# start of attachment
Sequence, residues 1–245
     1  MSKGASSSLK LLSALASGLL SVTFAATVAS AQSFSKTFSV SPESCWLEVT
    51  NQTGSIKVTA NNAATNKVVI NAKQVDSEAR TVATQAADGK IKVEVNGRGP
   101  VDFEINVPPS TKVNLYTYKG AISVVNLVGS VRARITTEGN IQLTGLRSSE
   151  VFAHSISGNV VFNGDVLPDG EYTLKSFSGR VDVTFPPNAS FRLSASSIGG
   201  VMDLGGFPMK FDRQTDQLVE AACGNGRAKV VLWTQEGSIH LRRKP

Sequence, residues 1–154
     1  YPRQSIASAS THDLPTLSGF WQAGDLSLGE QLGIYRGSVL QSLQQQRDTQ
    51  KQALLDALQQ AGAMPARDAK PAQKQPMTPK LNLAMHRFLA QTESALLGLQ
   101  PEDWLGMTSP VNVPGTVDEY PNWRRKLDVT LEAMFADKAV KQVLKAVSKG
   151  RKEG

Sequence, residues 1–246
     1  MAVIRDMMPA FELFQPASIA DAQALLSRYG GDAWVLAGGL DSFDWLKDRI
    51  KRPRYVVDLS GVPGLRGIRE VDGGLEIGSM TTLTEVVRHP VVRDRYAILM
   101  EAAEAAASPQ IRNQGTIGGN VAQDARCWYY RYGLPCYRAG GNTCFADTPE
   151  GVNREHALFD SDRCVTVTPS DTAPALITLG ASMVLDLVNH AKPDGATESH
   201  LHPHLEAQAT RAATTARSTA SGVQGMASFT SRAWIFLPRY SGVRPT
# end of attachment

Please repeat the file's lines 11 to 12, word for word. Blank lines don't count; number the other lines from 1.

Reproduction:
   151  RKEG

Sequence, residues 1–246